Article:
I hope and pray that October 17, 2016, will be remembered as the day press credibility in America died.
The Center for Public Integrity, a liberal nonprofit based in Washington, just released a report revealing that journalists have a favorite pooch in the current election fight: Hillary Clinton.
According to the report, “people identified in federal campaign finance filings as journalists, reporters, news editors or television news anchors” have donated nearly $400,000 this election cycle. How much of this went into Hillary’s deep, deep, Pacific Ocean-size deep pockets?
Over 96 percent.
Yowza. The nation’s press corps truly is “with her.” And its members despise the Donald like an infected canker sore.
Proof is nice, but you don”t need a scientific study from a fancy D.C. think tank to prove that the media is diligently working to derail the Trump Train. Evidence is everywhere. Journalists openly wonder if Trump will encourage mobs to “beat and murder Jews and people of color with impunity.” They speculate that Russia is rigging the election in Trump’s favor while dismissing his rhetoric of a rigged campaign as charlatan talk.
Chris Cillizza of The Washington Post typified the media’s insincerity and lack of self-awareness by actually tweeting out, “Let me say for the billionth time: Reporters don”t root for a side. Period,” right before the CPI report came out. Cillizza’s response? “Well this is super depressing. NO idea why any journalist would donate $ to politicians.”
What’s depressing, Chris, is that you still have a job. And weren”t you the guy saying we should stop talking about Hillary’s health right before declaring that her health was a “real issue” after she suffered syncope during a 9/11 memorial event?
Do these people really take us for fools?
Which is all unfortunate because the collapse of the American press into a Democrat Pravda doesn”t bode well for a country that’s already lost faith in most of its institutions.
Ragging on the corrupt media is all good fun, but the press is supposed to serve a legitimate role as a gatekeeper to truth. In any given society, there are norms, spoken and unspoken. Sociologist Philip Rieff called this a collection of “thou shalt nots.” Journalists are supposed to reflect these informal mores of the citizenry.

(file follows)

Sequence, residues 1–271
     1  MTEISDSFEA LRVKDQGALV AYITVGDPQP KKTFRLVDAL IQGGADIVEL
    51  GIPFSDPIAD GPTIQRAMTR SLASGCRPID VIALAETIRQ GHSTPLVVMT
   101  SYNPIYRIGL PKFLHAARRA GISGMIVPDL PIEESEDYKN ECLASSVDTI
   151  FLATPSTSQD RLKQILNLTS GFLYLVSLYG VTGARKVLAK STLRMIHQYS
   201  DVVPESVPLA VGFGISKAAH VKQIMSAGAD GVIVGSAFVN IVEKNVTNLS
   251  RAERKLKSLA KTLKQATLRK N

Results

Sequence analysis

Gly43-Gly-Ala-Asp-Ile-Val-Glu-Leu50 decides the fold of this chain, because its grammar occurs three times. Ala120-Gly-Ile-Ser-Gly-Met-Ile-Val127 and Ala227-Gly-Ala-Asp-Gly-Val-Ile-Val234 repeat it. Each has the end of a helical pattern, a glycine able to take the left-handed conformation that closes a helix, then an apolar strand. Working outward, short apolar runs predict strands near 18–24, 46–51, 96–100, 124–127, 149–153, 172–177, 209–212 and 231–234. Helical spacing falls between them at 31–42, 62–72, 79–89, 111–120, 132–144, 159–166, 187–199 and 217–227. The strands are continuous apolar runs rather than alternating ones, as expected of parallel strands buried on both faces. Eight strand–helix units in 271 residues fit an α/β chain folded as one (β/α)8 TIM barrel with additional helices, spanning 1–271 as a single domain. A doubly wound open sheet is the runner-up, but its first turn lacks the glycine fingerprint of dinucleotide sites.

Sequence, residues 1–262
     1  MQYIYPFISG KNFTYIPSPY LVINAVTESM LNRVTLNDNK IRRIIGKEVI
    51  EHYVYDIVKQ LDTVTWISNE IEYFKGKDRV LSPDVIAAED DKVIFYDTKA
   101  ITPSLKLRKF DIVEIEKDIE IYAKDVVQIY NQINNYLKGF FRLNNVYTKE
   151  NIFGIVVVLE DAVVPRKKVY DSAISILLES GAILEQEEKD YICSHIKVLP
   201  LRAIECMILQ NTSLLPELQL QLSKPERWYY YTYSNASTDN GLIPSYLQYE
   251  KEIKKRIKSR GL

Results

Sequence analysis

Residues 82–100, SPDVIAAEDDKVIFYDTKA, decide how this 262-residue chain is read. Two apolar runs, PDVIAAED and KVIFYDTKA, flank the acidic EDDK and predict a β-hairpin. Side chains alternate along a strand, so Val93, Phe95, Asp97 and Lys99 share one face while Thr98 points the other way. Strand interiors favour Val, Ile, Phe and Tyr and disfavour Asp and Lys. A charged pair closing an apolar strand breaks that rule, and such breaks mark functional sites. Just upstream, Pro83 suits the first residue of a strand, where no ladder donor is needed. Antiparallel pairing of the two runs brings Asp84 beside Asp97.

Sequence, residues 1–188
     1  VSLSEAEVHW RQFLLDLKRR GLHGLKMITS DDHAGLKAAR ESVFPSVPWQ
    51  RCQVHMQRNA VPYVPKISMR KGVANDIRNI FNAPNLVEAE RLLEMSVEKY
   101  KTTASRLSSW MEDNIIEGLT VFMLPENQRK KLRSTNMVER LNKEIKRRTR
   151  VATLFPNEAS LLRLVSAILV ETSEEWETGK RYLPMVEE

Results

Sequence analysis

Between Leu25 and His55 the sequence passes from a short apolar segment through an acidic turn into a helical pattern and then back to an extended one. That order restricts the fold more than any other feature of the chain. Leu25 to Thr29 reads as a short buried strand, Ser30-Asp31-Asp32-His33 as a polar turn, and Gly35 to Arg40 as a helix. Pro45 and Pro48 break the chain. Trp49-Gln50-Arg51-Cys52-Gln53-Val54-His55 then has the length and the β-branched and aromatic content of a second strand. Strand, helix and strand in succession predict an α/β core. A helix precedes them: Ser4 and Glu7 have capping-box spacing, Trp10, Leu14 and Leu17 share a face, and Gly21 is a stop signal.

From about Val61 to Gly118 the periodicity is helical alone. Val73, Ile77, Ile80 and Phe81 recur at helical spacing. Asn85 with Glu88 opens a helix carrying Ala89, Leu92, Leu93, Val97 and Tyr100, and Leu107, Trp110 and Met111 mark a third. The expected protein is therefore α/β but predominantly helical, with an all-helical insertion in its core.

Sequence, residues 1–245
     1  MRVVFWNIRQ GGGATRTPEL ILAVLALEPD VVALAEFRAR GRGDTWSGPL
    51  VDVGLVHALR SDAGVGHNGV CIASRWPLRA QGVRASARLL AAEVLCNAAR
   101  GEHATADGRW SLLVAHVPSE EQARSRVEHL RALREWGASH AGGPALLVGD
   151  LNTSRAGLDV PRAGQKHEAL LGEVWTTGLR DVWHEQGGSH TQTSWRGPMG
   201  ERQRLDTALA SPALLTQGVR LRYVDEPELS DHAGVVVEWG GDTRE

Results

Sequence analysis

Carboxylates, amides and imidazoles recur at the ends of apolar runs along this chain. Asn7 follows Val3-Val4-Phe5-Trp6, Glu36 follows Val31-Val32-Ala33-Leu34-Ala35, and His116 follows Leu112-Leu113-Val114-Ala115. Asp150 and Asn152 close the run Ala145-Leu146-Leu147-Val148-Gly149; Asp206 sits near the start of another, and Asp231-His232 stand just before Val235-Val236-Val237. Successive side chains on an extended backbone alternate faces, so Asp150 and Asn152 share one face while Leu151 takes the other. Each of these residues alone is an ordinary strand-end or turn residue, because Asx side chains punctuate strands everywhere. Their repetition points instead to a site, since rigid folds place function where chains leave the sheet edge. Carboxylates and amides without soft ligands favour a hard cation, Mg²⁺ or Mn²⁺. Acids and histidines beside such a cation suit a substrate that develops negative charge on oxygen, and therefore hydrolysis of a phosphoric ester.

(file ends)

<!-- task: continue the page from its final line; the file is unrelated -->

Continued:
At least in our country, journalists aren”t supposed to have an agenda other than information conveyance for the common good. Unearthing the sins of public officials is a noble task. Spending an inordinate amount of time attempting to nudge some tottering old wench over the electoral finish line isn”t journalism”it’s activism.
Enough people have wised up to the game and have tuned out big media. The American public has an incredibly low opinion of the Fourth Estate. That goes double for Trump supporters, who now openly mock reporters at the billionaire’s boisterous rallies. At a recent rally in Colorado, Trump urged the crowd to “forget the press, read the internet, study other things.”
If journalists won”t cover Trump fairly, why should his supporters believe them?
The press” abdication of duty has unleashed a torrent of alternative news sources, churning out endless gobs of information and commentary online. Our political system has yet to fully acclimate to the new paradigm. “Disintermediating technologies bring fresh voices into the fray, but they also bring atomization and cacophony,” wrote Jonathan Rauch in The Atlantic earlier this summer. For every prolific blogger with something smart to add to the conversation (I”m looking at Takimag’s own Steve Sailer), there are dozens of cranks out there spouting half-truths on websites designed in the late “90s.
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